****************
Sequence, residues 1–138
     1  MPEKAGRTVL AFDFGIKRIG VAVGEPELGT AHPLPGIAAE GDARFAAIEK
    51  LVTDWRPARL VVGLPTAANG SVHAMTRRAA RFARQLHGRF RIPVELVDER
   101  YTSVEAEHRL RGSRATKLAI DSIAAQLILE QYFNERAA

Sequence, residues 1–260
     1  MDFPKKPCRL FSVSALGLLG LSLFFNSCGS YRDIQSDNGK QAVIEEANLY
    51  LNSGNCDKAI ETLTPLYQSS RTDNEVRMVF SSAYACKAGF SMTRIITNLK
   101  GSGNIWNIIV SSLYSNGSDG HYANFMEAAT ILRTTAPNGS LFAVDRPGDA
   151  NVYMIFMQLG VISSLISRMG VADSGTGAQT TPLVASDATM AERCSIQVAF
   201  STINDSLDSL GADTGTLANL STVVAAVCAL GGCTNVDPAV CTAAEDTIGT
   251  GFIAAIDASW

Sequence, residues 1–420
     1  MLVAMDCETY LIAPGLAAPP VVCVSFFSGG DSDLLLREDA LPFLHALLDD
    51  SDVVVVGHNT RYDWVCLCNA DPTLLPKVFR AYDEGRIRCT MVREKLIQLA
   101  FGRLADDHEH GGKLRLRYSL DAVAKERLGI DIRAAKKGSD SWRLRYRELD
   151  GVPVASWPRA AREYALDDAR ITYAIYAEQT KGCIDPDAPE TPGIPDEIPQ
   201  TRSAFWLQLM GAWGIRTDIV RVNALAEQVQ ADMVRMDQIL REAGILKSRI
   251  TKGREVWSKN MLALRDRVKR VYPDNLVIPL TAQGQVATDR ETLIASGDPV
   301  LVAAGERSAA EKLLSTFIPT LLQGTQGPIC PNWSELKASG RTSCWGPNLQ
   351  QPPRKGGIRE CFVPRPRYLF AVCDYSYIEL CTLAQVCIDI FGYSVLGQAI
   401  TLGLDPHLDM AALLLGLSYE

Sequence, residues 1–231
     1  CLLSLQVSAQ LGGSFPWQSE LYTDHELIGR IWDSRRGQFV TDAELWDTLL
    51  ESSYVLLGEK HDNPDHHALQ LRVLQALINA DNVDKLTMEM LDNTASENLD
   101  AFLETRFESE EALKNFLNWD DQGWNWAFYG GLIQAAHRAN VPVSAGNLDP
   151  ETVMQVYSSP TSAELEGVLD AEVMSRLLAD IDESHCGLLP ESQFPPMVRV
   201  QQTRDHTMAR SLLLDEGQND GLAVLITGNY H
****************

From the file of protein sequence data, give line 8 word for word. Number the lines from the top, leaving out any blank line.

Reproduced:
   101  GSGNIWNIIV SSLYSNGSDG HYANFMEAAT ILRTTAPNGS LFAVDRPGDA